Airlines consider weighing passengers to conserve fuel

Posted on 9 September 2019

A UK startup is encouraging airlines to consider weighing passengers as a way to manage fuel expenditure to cut costs and lower carbon emissions. 

According to MSN, Fuel Matrix is proposing that airlines weigh individual passengers to calculate flight fuel requirements to reduce fuel wastage. 

The current formula for calculating fuel usage is based on an estimated gender-weight ratio for passengers. This considers the average weight of men, women and children and calculates the overall weight based on the number of each on board. 

Fuel Matrix, the company proposing this system, said that airlines burn 0.3-0.5% more fuel due to the extra weight of carrying extra, unnecessary fuel. By reducing the cost, carriers could save as much as $1.35 billion (nearly R20 billion).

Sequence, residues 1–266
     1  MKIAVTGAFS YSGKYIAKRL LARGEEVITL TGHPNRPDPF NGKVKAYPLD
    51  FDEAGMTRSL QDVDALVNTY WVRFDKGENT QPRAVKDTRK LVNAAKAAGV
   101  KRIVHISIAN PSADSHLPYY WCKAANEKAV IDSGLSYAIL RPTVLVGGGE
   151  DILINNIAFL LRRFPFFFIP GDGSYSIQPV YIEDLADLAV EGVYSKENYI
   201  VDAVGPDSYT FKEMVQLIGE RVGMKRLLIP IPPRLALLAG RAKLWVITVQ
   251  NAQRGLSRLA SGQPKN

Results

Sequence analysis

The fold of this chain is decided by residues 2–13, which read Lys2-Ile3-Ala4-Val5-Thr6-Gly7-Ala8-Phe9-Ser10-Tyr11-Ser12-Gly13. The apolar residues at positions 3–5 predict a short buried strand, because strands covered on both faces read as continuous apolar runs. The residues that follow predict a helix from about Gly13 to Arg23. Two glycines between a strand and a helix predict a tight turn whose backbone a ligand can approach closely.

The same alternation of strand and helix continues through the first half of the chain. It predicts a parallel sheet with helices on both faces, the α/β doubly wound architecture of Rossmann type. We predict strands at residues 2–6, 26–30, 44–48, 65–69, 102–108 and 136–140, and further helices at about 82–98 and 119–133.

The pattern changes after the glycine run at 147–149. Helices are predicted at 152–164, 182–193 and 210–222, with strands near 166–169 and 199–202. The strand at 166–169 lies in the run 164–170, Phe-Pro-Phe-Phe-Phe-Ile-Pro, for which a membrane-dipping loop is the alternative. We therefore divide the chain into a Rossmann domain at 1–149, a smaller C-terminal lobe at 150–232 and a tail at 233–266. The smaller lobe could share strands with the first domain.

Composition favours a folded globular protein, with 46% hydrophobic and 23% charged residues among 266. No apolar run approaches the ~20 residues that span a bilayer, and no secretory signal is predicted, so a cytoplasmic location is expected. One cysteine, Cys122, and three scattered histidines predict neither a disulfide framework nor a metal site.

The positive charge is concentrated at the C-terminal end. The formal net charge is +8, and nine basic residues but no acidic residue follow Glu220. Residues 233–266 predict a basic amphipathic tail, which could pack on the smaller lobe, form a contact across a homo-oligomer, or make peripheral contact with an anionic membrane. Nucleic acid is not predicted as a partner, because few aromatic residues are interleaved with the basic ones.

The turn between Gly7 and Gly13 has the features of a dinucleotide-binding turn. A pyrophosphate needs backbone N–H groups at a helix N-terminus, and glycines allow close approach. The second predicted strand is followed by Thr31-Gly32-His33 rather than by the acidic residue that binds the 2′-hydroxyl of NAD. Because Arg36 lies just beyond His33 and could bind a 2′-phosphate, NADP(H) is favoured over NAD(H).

The company proposes that airlines take measurements discreetly, using pressure pads at baggage drop-off points, and that the information remains confidential.

“Our patented technologies are relevant to both airports and airlines in reducing fuel burn, CO2 emissions and carbon footprints,” Fuel Matrix COO Nick Brasier told The Sun.

The company is apparently in negotiations with  “several long-haul airlines” in the UK about the possible implementation. 

Similar interventions have been discussed or implemented by other airlines in the past. In 2015, Uzbekistan Airways said it would weigh passengers and exclude some overweight people from busy flights or smaller planes if a weight limit was exceeded.

In 2017, Finnair launched a voluntary weighing study to help determine the fuel requirements of its flights.

Image source: Pixabay

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